Maple Fudge with Mesquite-Smoked Pecans

Last year, for a cooking contest at work, I made a maple-bacon fudge that delivered 200% on the infamous salt-sugar-fat triad. mapleI wanted to make it again for Christmas, but because I recently gave up eating animals smarter than a dog, I had to figure out how to replace bacon’s salt/fat contribution.

Recently, while cruising the aisles of the new Wheatsville Co-op in South Austin, I found something in a bulk bin that I just had to try — mesquite-smoked pecans from the Pecan Shop of Waco, Texas.

I bought a few to snack on. The pecans had a slightly salty, heavily smokey flavor that was good, but a little overwhelming. It occurred to me that mixed up in something, the nuts might add a nice smokey element. And then it hit me. Bacon!

When I made the maple fudge last week for some post-Christmas celebrations, I added some chopped smoked pecans. I didn’t miss the bacon at all, and neither did anyone else who tried it.

Pecans have almost as much fat per ounce as bacon (20 g for pecans vs 23 g for bacon), so the fat component was there in spades. The very slight amount of salt on the pecans and the maple syrup completed the addictive trio of flavors.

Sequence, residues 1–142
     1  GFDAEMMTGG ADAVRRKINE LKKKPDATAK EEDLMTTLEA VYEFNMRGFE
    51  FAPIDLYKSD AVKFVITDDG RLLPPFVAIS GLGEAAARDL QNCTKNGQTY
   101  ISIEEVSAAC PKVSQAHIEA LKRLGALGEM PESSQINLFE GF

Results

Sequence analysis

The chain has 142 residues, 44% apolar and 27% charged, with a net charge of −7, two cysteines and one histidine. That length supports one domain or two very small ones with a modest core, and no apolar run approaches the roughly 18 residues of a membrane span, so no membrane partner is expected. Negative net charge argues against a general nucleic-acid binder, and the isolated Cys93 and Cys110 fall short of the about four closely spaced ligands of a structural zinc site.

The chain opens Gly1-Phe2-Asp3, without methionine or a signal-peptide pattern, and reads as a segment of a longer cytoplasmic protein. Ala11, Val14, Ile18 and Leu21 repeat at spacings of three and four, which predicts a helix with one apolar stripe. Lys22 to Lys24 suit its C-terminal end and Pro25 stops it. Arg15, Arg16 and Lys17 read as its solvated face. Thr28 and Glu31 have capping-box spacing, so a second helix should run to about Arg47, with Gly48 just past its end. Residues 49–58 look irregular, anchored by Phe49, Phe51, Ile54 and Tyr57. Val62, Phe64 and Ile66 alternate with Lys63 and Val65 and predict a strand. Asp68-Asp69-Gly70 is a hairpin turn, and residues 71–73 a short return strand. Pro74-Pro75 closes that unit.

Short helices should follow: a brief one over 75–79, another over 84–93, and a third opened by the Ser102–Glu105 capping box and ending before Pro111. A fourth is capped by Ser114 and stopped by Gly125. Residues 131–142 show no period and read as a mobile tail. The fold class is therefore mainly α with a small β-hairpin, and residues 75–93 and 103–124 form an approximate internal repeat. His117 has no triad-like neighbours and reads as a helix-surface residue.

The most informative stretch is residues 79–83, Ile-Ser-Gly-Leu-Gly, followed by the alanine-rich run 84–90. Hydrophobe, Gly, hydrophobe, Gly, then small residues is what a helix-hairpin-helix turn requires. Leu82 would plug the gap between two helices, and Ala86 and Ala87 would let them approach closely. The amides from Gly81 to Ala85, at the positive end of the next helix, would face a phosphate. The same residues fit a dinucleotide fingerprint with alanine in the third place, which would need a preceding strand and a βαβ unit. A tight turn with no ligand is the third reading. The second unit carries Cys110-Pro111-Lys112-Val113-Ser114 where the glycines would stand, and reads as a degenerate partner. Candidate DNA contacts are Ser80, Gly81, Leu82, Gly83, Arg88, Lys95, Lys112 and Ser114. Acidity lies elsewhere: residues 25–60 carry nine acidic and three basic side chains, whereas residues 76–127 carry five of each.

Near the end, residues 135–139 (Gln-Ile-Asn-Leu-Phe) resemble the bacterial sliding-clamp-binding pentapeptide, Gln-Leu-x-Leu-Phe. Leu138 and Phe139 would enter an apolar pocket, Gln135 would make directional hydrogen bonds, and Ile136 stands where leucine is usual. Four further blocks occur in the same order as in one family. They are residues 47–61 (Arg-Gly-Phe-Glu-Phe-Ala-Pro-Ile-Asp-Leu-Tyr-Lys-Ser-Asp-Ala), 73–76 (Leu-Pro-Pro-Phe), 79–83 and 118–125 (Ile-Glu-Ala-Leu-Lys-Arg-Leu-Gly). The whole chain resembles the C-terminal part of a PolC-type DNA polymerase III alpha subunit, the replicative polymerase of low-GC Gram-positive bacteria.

3 cups sugar
1/2 cup butter or margarine (1 stick)
1/2 cup real maple syrup
2/3 cup evaporated milk
1 package white chocolate chips (12 oz. or so)
1 jar (7 oz.) marshmallow creme
1 cup smoked pecans, chopped


  1. Heat sugar, butter, syrup, and milk over medium heat to a full, rolling boil in 3 qt. heavy sauce pan, stirring constantly. Boil on medium heat until the candy thermometer reaches 234 degrees F, stirring constantly.
  2. Take the pan off the heat and add the chips to the mix.
  3. Stir in the marshmallow creme and chopped pecans.
  4. Stir until the mixture thickens and starts to look dull, and pour it into the foil-lined or buttered cake pan. Let it cool for a couple of hours, then cut it into bite-sized squares.
  5. Store the fudge in air-tight containers.